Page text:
20 Crazy Details Behind The Making Of Dragonheart


Back in 1996, the world was given a gift in the film, Dragonheart. While the movie may be more than 20 years old, it holds up today as one of the earliest uses of a CGI character acting alongside people in a live-action environment. Given what we have today in terms of computer-generated visual effects, it may seem like an animated dragon as realistic as Draco would be an easy task, but there was nothing simple about creating the character and bringing him to life back in the 1990s. This was a time when VFX of this sort was just getting off the ground. Even effects giants that came before like Jurassic Park used puppets and practical effects interwoven with CGI.

The movie was recognized for its superior effects with an Academy Award nomination for Best Effects and Visual Effects. More than 20 years later, the film remained one of the best uses of a dragon in cinema-- until Smaug finally found his way to CGI in The Hobbit trilogy. That movie and all the ones in-between owe a great deal to the effects crew who brought Draco to life. Granted, the movie wasn't simply just CGI, it had an imaginative story, incredibly talented actors, and beautiful sets. A lot went into making the movie, but do you know just how much went into it?

There's a lot going on behind the curtain that doesn't make it to the silver screen, which is why you may not know these 20 Crazy Details Behind The Making Of Dragonheart

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Dragonheart Draco Flying
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Dragonheart Draco Flying

When actors film in a green screen environment, they spend much of their time dealing with tennis balls atop a stick, or if they're lucky, another actor wearing a green body suit so they can play off of them. When it comes to a gigantic creature like a dragon, things have to be done a little differently.

When the dragon flies over a village with hundreds of extras, how can you guarantee they all look in exactly the same point in the sky? They didn't have a dragon handy, so the producers came up with the next best thing: an ultralight aircraft. In order to get everyone to focus on the same point, they simply flew a small plane overhead and told people to pretend it was a dragon.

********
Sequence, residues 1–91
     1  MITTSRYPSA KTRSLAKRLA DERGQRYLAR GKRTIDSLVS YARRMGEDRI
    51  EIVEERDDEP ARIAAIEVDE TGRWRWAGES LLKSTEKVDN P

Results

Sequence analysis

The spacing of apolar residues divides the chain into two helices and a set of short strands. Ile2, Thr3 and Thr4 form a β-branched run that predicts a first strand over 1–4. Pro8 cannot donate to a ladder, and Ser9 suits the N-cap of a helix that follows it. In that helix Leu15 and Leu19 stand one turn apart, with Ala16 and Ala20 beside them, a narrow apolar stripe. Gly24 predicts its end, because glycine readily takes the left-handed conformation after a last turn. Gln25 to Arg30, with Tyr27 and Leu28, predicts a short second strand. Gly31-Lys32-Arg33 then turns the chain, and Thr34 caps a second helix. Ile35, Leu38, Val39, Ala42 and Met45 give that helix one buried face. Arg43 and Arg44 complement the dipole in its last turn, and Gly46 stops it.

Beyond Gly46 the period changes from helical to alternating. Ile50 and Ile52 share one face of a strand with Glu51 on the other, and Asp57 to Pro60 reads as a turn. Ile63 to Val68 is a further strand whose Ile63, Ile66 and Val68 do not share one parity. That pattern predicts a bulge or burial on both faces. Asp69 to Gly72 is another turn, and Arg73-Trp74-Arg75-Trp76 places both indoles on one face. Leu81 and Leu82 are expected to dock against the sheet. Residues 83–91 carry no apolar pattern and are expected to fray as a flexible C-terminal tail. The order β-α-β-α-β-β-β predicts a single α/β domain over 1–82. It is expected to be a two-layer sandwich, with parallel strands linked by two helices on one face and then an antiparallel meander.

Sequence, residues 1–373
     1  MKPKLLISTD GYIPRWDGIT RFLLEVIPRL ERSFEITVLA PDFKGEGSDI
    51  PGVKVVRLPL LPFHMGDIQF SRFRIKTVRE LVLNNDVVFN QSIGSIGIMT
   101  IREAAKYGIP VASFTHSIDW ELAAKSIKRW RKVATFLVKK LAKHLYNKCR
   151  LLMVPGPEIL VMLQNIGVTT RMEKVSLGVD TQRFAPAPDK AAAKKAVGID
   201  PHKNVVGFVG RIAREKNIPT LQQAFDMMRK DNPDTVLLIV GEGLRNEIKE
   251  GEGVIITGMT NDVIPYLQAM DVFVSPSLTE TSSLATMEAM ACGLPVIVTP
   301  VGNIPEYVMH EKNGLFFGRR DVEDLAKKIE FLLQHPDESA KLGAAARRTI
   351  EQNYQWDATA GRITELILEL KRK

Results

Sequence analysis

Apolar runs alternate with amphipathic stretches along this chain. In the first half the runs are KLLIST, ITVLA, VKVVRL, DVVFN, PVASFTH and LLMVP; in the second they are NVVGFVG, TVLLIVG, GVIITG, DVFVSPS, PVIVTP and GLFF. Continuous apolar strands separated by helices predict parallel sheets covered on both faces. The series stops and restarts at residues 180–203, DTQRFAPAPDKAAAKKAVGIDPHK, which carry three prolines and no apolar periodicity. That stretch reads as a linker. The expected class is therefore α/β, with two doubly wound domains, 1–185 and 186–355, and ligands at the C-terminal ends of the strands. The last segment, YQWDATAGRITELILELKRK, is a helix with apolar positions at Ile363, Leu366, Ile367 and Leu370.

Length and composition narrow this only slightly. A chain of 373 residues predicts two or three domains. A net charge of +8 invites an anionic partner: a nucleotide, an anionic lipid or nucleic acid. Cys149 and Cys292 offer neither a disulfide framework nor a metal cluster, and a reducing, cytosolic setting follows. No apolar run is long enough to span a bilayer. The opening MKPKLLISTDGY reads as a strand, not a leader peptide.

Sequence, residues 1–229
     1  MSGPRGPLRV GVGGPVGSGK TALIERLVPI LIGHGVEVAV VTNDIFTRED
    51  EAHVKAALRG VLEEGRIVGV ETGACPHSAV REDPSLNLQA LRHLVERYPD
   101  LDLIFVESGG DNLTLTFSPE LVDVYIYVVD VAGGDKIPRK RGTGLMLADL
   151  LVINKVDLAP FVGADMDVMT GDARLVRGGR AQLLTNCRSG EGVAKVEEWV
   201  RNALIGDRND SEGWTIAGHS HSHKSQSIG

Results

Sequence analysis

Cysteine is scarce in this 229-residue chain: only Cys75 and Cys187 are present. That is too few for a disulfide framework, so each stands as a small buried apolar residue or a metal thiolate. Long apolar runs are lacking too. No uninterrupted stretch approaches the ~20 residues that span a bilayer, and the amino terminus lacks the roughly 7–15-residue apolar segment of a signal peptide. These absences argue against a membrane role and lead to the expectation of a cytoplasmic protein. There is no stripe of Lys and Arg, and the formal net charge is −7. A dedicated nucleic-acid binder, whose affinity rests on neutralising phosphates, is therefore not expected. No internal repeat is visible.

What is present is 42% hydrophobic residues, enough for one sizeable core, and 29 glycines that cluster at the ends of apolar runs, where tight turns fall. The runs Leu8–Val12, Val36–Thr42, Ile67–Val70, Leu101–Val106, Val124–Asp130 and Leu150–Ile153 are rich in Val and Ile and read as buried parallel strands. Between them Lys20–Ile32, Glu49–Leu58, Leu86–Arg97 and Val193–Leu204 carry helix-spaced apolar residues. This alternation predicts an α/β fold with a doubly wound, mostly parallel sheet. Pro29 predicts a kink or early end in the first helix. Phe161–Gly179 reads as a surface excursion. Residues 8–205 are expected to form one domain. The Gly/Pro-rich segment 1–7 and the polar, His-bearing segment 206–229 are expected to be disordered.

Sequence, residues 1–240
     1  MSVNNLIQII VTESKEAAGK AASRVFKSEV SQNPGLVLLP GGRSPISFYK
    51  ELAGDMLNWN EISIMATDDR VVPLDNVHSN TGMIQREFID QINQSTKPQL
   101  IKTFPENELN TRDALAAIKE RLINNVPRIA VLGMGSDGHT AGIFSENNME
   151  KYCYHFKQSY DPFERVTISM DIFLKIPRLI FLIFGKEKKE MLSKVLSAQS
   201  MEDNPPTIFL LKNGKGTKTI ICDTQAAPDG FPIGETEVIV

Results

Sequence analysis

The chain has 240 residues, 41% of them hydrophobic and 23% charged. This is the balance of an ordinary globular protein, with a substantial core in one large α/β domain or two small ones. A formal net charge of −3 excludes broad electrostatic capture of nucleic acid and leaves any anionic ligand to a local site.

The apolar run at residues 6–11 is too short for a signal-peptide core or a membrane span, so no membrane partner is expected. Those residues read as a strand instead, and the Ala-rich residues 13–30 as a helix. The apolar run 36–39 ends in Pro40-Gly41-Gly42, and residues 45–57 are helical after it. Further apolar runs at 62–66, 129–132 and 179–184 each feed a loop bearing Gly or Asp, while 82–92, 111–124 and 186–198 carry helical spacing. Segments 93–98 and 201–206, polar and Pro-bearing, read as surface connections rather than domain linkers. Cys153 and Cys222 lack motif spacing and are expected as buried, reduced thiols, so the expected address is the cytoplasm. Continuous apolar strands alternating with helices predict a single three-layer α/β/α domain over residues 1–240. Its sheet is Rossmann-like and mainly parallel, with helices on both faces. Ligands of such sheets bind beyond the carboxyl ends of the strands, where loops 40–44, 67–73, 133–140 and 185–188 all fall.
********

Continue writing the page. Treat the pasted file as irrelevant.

Draco from Dragonheart breathing fire from his nose

When the filmmakers of Dragonheart decided to create a unique species of dragon for their movie, they got their inspiration from a number of sources we mentioned, but they made some changes to popular lore. Everyone in the world who has ever heard of a dragon knows they breathe fire. Play D&D or any other fantasy story and it's well-known you have to be careful about the searing hot stream of fire these monsters shoot from their mouths. Draco was a little different, though he did breathe fire.

Whenever we saw Draco breathe fire in the movie, he did so from his nostrils, not from his mouth.

There was no explanation for why the filmmakers decided to make this change from what everyone knew of dragons, but it's an interesting fact about the movie many people missed.


Dragonheart was made during a time when modern CGI was in its relative infancy. Because of this, animating a giant dragon in the same frames as a human presented a bit of a problem. If they had a ballooned VFX budget exceeding $160 million, the effects crew could have made it work entirely digitally, but this was the '90s and some things had to be done a bit old school.

In order to properly animate Draco amongst humans, several full-scale props had to be made by the prop department.

In addition to the giant jaws seen in the picture above, they also crafted a hand and some other dragon pieces. When it was all mashed together on screen, you couldn't tell, but there were a lot of practical effects going on right in front of the viewer's eyes.


Dennis Quaid Dragonheart

It's hard to argue that Dennis Quaid isn't an amazingly talented actor, which is why it shouldn't come as much of a surprise to learn he filmed for several weeks with a broken finger requiring a rather large cast. The veteran actor broke his pinkie finger in two places on the 92nd day of filming while acting out a sword-fighting scene. He had to wear a cast and "fight" through the pain for weeks. Quaid was able to channel his pain into the role.

Every time you hear Bowen scream aloud in pain or anger, that's really Dennis Quaid yelping out in pain due to his finger.

It may not sound like much-- it's just a pinkie-- but just try swinging a sword and making it look real without the use of yours.


When the filmmakers and VFX artists sat down to design the look for Draco, they all agreed he should mirror Sean Connery's look as much as possible. That isn't to say he should "look" like Connery, but he needed to match his facial expressions.

Sean Connery emotes a great deal of expression through his eyebrows and the corners of his mouth, which was something the crew wanted to emulate. If you go back and watch the film, you can see Connery's "look" in the dragon, which is one of the reasons Connery's voice was able to sound natural on the screen. To make it work, the animators modeled Draco's movements on footage of Connery. It took a lot of extra work, but the end result was much more believable.


Liam Neeson

Movies are rarely cast from a pool of only one choice, and Dragonheart is no exception. Originally, the movie was thought to star a number of players as Bowen with Dennis Quaid standing somewhere around choice #5 or 6. Originally, Patrick Read Johnson pitched Liam Neeson in the role and the producers ate it up.

Neeson would have been in the movie were it not for a scheduling conflict.